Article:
Not much to recommend on the Carnival Liberty (Eastern Caribbean 10/13/12).
My wife and I are seasoned (over 20) cruisers, on multiple cruise lines. This was our sixth Carnival cruise. I had read about the 2.0 upgrades and was looking forward to enjoying the new features on this ship.
But, Carnival got three strikes early in the cruise and failed to impress in any area.
There was the typical line and delay to go through Security. Passport scanning was new for us, and screening of carry-on luggage was uneventful. Once inside the terminal, the line to check in moved very quickly. When we reached the counter, we showed our boarding passes, were given sign and sail cards in less than two minutes, then told to sit and wait until our boarding zone number was called.
It took about 20 minutes for Security and getting the sign and sail cards, but then more than one additional hour to get on the ship.
There must have been between 20 and 30 agents handling check-in and giving out the sign and sail cards. But, at the end of the line before boarding the ship, there were only two employees, upstairs, one each on either side of the building, taking the pictures to link each passenger with their sail and sign cards. Common sense tells me that there is a bottleneck. Even with two on each side, there would still be a bottleneck.
The excuse is that there are two machines but "one just broke". Did this happen on each side of the building? What an amazing coincidence! And did Carnival just happen to have pre-printed zone numbers for everyone? Or was the waiting planned? It sure seems to me that rather than eliminate the bottleneck with the picture taking, Carnival choose to make the waiting process better organized. Carnival easily wins the "Stupid Management Award", wouldn't you agree?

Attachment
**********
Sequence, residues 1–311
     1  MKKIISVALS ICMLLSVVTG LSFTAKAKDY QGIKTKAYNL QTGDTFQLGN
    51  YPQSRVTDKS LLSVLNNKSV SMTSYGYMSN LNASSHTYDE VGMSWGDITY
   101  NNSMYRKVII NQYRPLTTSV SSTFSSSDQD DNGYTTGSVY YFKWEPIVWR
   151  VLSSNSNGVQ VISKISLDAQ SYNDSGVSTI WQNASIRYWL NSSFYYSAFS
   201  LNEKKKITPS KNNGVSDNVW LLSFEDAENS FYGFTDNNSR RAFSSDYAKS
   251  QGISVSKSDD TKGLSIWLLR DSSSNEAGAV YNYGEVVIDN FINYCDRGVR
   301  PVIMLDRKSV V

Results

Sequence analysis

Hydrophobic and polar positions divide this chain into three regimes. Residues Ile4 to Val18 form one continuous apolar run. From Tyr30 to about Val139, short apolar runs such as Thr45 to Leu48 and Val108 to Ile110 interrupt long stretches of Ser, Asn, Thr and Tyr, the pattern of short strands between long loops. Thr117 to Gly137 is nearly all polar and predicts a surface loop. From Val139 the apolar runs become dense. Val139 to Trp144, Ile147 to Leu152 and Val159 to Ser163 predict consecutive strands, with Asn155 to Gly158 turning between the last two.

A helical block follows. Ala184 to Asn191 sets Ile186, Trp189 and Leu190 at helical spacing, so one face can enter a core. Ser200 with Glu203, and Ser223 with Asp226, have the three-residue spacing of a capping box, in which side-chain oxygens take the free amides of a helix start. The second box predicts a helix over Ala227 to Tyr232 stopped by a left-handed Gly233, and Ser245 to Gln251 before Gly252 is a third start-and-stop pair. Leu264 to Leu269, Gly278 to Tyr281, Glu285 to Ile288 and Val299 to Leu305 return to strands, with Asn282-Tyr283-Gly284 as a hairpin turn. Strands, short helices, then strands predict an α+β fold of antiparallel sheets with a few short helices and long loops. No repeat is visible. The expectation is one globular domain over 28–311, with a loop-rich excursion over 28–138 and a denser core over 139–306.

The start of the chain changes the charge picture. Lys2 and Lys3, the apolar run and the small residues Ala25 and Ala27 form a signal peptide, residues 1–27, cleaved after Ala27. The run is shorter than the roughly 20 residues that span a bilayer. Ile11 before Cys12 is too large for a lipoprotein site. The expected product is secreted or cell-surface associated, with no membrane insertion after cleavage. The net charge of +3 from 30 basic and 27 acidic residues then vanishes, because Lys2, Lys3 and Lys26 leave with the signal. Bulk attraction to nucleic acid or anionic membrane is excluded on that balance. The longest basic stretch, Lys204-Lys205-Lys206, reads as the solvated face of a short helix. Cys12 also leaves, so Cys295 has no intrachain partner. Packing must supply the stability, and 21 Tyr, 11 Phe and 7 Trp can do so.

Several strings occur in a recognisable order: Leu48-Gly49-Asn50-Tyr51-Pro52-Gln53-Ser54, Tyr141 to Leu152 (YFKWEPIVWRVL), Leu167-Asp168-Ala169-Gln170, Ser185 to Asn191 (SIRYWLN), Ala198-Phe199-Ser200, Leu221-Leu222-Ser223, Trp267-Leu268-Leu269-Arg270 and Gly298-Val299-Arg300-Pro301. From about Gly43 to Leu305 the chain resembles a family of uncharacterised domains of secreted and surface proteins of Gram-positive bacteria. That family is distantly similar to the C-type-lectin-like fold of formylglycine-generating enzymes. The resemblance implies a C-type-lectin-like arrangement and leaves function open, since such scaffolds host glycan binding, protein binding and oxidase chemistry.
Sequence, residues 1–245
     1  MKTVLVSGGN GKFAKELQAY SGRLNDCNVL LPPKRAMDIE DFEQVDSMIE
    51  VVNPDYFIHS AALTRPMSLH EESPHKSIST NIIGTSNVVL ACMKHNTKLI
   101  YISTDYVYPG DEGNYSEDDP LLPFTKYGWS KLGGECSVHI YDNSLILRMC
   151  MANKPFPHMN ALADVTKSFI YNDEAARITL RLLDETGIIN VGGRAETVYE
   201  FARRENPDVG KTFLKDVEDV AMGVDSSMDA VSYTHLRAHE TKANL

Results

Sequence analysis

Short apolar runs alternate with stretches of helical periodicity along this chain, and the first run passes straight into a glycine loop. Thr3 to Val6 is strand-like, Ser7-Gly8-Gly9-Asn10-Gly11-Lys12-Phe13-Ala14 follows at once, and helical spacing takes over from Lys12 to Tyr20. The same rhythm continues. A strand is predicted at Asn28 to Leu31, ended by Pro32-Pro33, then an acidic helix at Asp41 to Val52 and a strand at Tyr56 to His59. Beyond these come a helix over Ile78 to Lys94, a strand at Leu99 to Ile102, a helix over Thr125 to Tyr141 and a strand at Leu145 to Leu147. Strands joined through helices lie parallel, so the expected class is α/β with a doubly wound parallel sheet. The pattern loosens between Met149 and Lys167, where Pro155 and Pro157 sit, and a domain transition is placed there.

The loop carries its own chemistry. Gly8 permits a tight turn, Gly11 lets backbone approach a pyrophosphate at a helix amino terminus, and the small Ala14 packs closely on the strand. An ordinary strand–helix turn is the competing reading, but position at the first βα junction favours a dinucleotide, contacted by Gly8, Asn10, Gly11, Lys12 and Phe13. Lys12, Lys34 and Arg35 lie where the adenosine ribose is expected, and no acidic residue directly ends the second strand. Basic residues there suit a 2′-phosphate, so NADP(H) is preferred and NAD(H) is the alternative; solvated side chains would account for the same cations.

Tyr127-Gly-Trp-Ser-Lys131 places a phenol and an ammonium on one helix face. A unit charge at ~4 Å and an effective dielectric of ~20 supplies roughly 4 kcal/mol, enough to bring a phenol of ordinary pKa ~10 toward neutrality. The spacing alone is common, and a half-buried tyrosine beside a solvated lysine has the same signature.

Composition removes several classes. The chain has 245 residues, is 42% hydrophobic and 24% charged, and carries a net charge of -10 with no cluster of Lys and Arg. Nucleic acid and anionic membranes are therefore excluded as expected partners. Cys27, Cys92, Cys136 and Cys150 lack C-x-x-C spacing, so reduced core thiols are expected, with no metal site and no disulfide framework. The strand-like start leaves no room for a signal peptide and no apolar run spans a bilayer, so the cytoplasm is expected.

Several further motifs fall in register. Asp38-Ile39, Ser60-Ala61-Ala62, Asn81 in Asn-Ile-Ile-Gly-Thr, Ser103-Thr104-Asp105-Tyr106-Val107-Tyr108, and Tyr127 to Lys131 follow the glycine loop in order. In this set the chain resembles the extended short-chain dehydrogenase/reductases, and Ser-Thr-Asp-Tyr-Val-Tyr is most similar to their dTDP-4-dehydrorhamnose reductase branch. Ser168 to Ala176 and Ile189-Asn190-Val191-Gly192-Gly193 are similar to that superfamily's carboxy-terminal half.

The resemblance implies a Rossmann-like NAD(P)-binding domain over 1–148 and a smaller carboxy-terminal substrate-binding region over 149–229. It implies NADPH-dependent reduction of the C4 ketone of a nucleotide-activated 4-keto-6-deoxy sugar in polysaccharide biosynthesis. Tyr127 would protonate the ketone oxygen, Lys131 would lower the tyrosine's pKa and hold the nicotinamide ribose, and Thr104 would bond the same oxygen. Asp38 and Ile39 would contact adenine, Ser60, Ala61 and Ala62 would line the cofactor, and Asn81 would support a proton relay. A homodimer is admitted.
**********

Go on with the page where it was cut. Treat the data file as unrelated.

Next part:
Whoever designed the waiting process and the number system, must be fairly high up the management chain or have a cruel obsession to see it used on passengers.
With most tenders, passengers proceed to the gangway and board the tenders in orderly fashion. Sometimes there is a short delay as one tender leaves and another pulls along-side the ship. Not so with Carnival! You need to go to the theater, get a number, and wait until your group is called.
The excuse... seas are a little rough that morning, so only the large tender is operating. The three smaller tenders were not in use. With 3,700 passengers and 300 passengers per trip, that's quite a few round-trips for everyone to get to Half Moon Cay on only the large tender. It was a bit shaky to cross the ramp from the ship to the tender, but the tender ride was not rough at all, and exiting by the wide front ramp of the tender to the shore was very easy.
Ring, ring! Hello Carnival, is this the first time that you have encountered rough seas? Is the size of the tender really an issue? If so, isn't it time to arrange more than one large tender? Have you considered building a better ramp between ship and tender?
Or is it just standard policy to have passengers wait in groups? Is it intentional???!
There were three groups of musicians who played for your dancing pleasure. The groups were talented and played well.
A duet played in the lobby. Now, who wants to dance in a brightly lit lobby and feel like they are performing on stage?
A five member band played adjacent to the casino. They were quite good and played a variety of dance music. But who wants to dance in the main walkway by the casino bar, where hundreds of passengers walk when going to and from the dining rooms and the theater.
A three member band was the only group stationed in a night club. Not surprising, they had the most dancers because of the venue. However they were limited in range and played only Latin music. Whenever I was present, I heard them sing in Spanish only and with the same merengue beat.
The disco wasn't to my taste. The DJ played music aimed at an age group most of whom were too young to be allowed to enter the disco! Ever wonder why the disco is empty most evenings?
And finally there was a DJ instead of a Caribbean band on the Lido deck. He did not have a clue. Whoever heard of an Eastern Caribbean cruise without Calypso, Reggae, or Soca music?
Carnival..... are you listening????! Does Carnival carew????!
Food & Drinks
Over the years, we have gradually lowered our expectations for the quality of the food and the level of service on cruise ships.
Food was adequate and met those lowered expectations for the most part. The seasonings and flavors were neither memorable nor remarkable.
Breakfast, lunch and dinner selections were ordinary, without any outstanding items.